2. One of the stories we heard many times was about her Uncle George – her Dad’s brother. I think she found him an interesting character. He was the oldest son, and the assumption was that he would stay on the farm, tend to the farm, and look after his mom and dad. His dad died early, and while the other children went off to college or university, George stayed home and his mother strongly discouraged him from getting married so he was a bachelor all his life. He would always have candies for the kids, and he would hide them in the tree out back and they would go and search for the candy. He was always cheerful and never complained. He never seemed resentful, even though his mother could be a little difficult. He kept diaries, and my mom would often pull out the diaries and read from them. We would be a captive audience listening to her. They weren’t terribly interesting — mostly accounts of the weather, and sometimes about people dropping by, but mostly about what he did in the fields .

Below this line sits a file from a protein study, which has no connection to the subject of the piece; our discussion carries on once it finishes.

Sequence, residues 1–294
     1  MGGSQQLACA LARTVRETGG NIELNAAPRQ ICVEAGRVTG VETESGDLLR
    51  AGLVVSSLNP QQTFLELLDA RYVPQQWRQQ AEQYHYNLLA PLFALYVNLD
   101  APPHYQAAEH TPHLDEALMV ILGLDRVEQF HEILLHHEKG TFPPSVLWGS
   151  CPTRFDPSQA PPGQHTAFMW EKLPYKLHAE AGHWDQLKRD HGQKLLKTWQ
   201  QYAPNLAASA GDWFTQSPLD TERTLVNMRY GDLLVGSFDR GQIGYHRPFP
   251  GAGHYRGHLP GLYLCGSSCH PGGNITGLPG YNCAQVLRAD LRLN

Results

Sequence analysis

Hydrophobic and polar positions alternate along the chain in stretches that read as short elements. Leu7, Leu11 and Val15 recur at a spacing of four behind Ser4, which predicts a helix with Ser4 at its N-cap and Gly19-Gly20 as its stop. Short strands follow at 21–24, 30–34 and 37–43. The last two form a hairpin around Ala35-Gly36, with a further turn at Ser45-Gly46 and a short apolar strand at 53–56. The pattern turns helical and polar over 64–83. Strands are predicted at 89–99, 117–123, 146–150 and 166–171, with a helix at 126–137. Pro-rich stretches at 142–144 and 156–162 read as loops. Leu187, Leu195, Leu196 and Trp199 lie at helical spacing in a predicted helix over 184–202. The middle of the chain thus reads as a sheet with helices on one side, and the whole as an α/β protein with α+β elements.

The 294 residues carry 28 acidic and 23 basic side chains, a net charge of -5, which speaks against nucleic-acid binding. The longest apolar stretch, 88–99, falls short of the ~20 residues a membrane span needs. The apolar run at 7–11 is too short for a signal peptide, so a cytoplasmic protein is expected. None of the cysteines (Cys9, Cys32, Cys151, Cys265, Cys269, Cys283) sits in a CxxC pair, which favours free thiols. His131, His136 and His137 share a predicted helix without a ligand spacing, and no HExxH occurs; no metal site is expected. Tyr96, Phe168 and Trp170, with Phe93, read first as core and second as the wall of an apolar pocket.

3. My grandfather was educated – he went to Queens in 1927 — and he encouraged his kids to get an education. When my mom was eighteen — just graduated from high school — he encouraged her to teach in a one-room schoolhouse in Alice, On, near Pembroke, and she boarded with a family from the area. She had no experience, and she talked about being pretty nervous about the whole thing. The school had children in grades one to eight, and they were all from a rural community, and many were poor. As a teacher in those days, she taught the lessons to all grades, cooked them lunch on the wood stove that heated the school house (often canned pork and beans or soup), and supervised recess and activities outside. It was quite a big thing for her and she recalled it often and vividly — a great experience.